On the entry exam for Cambridge, why, don’t they have an interview. Let me ask this FvP. How much greater are the chances of a kid of yours, or your like getting into Cambridge, than the kid from the village near your Irish or Scottish homes. Wouldn’t you say there are other things in-play beyond the results of the school exams.

    • Vince Says:

      ‘aren’t put in place’.

    • Greg Foley Says:

      Personally I like my doctors to have jumped through lots of hoops.

      • Vince Says:

        Poor people in Ireland would get better service from a vet, or perhaps even a witch doctor. Where medical card patients are concerned doctors in Ireland are little more than drug pushers deploying Occam’s razor as a justification for rancid social attitudes and intellectual sterility.

        • Greg Foley Says:

          As a veteran of two organ transplants courtesy of the public health service I’m curious to know what you base that rant on.

  5. Wendymr Says:

    I think there’s an argument to be made that increased numbers or % of those getting higher grades may be less ‘grade inflation’ and more a consequence of changing attitudes to education overall, and higher education in particular. Over time, we’ve seen increased participation in higher education, driven by a variety of factors:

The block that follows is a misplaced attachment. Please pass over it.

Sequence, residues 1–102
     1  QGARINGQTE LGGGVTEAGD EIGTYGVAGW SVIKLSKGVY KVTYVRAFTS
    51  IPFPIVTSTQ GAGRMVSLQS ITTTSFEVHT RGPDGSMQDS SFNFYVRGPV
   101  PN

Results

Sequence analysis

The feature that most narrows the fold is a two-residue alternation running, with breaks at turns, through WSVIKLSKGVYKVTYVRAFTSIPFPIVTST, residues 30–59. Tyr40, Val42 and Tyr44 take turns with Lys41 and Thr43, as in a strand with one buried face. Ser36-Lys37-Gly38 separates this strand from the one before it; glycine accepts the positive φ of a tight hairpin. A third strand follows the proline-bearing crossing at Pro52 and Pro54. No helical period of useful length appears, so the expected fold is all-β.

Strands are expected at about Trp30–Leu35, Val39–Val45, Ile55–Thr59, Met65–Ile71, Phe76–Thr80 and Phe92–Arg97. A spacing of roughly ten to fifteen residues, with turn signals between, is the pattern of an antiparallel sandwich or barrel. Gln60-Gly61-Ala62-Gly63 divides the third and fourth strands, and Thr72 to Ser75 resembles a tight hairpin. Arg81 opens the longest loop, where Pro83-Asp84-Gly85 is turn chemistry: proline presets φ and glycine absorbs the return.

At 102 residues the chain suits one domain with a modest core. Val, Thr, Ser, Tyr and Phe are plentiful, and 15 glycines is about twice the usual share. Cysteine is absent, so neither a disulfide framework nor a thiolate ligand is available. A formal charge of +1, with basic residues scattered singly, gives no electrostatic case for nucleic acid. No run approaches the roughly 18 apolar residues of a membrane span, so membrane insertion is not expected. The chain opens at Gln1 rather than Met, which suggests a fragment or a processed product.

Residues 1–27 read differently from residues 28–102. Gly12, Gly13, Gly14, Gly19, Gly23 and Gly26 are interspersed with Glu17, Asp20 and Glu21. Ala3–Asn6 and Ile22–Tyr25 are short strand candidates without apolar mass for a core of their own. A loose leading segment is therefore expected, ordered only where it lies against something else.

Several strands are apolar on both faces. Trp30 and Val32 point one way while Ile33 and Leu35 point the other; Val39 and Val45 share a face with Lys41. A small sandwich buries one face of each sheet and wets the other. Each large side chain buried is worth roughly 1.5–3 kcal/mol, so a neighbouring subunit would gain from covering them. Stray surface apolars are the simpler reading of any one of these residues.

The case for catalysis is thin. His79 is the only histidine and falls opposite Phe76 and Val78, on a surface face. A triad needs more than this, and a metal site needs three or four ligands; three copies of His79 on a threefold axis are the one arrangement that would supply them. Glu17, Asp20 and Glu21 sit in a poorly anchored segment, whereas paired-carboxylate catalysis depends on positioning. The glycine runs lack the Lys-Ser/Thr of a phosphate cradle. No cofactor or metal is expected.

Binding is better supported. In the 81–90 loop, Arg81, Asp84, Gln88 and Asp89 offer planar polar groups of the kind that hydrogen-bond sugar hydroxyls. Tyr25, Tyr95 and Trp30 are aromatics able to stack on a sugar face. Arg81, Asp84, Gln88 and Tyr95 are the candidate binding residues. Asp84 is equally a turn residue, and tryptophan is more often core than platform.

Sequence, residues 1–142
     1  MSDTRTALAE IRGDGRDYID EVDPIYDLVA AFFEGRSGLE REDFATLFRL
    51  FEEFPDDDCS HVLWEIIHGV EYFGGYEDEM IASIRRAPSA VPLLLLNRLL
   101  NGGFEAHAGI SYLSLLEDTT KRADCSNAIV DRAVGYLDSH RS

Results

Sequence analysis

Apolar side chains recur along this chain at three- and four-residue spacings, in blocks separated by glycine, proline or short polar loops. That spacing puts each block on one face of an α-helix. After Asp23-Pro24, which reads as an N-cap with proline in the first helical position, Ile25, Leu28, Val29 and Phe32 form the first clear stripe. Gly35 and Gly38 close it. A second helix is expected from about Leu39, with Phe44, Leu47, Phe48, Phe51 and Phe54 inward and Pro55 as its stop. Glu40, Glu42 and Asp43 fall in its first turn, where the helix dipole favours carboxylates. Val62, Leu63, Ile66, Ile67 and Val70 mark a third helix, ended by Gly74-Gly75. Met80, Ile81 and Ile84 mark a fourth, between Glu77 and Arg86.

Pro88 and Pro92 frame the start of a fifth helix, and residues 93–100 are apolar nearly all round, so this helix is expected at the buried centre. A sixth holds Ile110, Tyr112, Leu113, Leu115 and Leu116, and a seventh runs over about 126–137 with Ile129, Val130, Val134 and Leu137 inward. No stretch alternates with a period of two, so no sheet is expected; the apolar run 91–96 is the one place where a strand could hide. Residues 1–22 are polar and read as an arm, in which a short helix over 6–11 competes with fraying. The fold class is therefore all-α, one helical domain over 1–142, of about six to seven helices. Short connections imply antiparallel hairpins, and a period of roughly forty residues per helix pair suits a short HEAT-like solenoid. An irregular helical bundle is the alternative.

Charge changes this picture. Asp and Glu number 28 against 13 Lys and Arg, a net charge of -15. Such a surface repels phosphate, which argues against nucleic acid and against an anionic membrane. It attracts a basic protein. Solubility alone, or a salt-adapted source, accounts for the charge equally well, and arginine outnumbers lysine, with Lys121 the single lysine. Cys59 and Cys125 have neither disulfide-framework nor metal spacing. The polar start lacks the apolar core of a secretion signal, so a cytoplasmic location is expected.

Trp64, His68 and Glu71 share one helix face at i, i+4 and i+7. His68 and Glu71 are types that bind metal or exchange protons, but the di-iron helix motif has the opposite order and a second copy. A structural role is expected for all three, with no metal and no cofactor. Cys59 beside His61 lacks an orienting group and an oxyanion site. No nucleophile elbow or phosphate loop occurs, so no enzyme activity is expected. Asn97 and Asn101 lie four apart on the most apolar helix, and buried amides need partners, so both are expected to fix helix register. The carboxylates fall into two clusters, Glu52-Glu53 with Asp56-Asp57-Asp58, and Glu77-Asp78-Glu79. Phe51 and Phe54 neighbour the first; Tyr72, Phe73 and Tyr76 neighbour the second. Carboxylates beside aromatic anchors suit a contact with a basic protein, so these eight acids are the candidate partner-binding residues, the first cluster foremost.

* funding and other changes aimed at encouraging more students from under-represented socio-economic demographics to participate in higher education
    * ‘grade inflation’ from employers: where once no qualifications would have been okay, now it’s A-levels or a degree if you want a decent job
    * the decline of traditional sectors of employment, including primary extraction, manufacturing, skilled trades – so fewer alternatives to higher education, or even just completion of secondary school, for young people

    Grades matter now in a way they didn’t in the 1960s or even the 1980s. As a result, I’d expect to see more students working harder in order to get higher marks – absent a decision to ‘grade on a curve’ and thus manipulate results.